Curtains are more than just used for decorative purposes. Drawing the curtains in the daytime can allow the sunlight to enter the house and brighten up your home.
It is probably the first thing you will be doing in the morning to lighten up the house and allow your body to absorb the vitamin D it needs.
As for the aesthetic aspect, curtains gain an enhanced look when elegantly swung to the side by curtain holdbacks or tiebacks.
This is one accessory that is not necessary while hanging a curtain, but turns up the volume in every room. It is a must if you are going for that regal, traditional look and especially goes well with curtains that graze the floor or puddle at the bottom for a dramatic feel.
Curtain holdbacks are generally placed a third of the way up from the floor to allow for an elegant and symmetrical look. However, they can be placed almost anywhere.
But since the main purpose of the holdback is to give a regal look to the curtain, and in all honesty, set the feel for the entire room, it should be placed a third of the way up from the floor.
However, there is more to placing curtain holdbacks and tiebacks than just the measurement from down up.
First, let us understand the difference between a holdback and a tieback to get started:
Holdback And Tieback: What’s The Difference?
A holdback is a piece of hardware made from wood, metal, or iron. It is generally shaped like a “U” and attaches to the wall near the window frame.
A holdback offers great functionality in terms of pulling back the curtain to let the light flow in.
If you want to go for a more traditional look, you might want to invest in tiebacks.
Tiebacks have loops which can be attached to a hook in the wall. Tiebacks are made of flexible and soft materials like cords, ropes, or fabric.
Mainly, a holdback is made of hard material and is best for quickly drawing the curtain, while a tieback is made of flexible material like fabric or rope and is used for decorative or functional purposes.
A Guide To Placing Curtain Holdbacks
If you want to place your curtain holdbacks or tiebacks at the length that offers the best look and functionality, here is a step-by-step approach to guide you how and where to place curtain holdbacks:
Step 1: Measure Your Curtain Length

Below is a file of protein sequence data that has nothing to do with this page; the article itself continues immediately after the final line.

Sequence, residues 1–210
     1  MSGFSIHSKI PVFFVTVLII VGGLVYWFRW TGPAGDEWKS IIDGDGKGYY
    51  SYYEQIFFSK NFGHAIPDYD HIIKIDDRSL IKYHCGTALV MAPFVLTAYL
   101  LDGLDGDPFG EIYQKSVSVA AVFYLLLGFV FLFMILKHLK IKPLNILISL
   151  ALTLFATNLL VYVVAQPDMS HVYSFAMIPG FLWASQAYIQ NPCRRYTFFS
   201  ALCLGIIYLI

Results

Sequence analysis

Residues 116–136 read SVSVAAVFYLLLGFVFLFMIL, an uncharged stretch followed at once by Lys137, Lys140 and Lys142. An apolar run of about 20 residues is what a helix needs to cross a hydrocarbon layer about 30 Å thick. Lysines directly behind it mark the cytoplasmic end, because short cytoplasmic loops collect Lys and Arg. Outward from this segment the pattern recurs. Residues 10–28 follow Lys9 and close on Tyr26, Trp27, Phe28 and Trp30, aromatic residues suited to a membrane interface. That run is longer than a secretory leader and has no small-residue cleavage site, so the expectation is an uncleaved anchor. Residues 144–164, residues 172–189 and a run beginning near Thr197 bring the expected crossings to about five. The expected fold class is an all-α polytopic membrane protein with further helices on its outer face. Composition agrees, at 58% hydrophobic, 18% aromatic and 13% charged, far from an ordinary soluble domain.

The first step to installing a holdback or a hook for a tieback is measuring your curtains.
You should start from the point where it hangs loose, which is below the eyelet (specifically for eyelet curtains) or just below the pleat if you have pleated or hook curtains.
After measuring the curtain length, divide by 3.
Step 2: Set The Holdback Height
Once you get the length, mark it on the wall with a pencil. Make sure that you mark the point at least 3 inches from the wall or edge of the window pane.
For example, an 84-inch long curtain will have the holdback point at about 28 inches from the bottom.
For a café or sill-curtain, which are usually used in kitchens, the holdback length will be measured accordingly.
Step 3: Install The Holdback
After marking the perfect position, you need to install the holdback or hook for the tieback on the wall or the window frame.
If you have a tieback or a holdback that does not require installation on the wall like a magnetic holdback or a hook-free tieback, you can wrap the holdback or tieback at the 1/3 length of the curtain.
How To Style Curtain Holdbacks
A general rule of thumb is placing the holdback 1/3 of the length of the curtain from bottom up. However, it can vary depending on how you want your curtain to be styled.
Secure The Top With A Safety Pin
If you want a regal look, you should use a small safety pin to secure the two panels together before drawing them with a holdback or a tieback so the top remains in place.
This is a great tip for eyelet curtains which can easily slide to the side, making it tough to get it to get the flowy look with even gaps when pulled back by a curtain holdback.
Place The Holdback Halfway For Shorter Curtains
For shorter curtains, it is recommended to place the holdback halfway. This is because 1/3 of the total length of a short 36-inch curtain is just 12 inches.
It can easily get off the holdback in case of wind gushing through the windows, thus making it troublesome, especially in busy places like the kitchen.
Place The Holdback Higher For Puddled Drapes
Puddled drapes can surely make for an elegant impression.
However, measuring the curtain all the way to the bottom and then installing the holdback at 1/3 of the length from the bottom can leave a lot of loose fabric at the top, therefore obstructing wind, sunlight, and leading it to look disheveled.
Therefore, for puddled drapes, you need to make the call when installing the holdbacks. You can place it a little higher or just measure 1/3 the length from the floor to the top and install it there.
Make sure you have tested it out so you are not left with drilled holes that are hard to cover and ruin the look of the holdback or the tieback.
Summing Up Curtain Holdbacks
Curtain holdbacks serve a decorative as well as functional purpose.
Installing them or placing them at the right height can make a huge difference to the overall look of the curtain, and therefore, the look and feel of the room.
As a general rule of thumb, holdbacks are installed 1/3 length from the bottom of the curtain. However, this may vary depending on the length and type of curtain.
In the end the point where the holdback is installed depends on your personal liking. Just make sure it is symmetrical on both sides!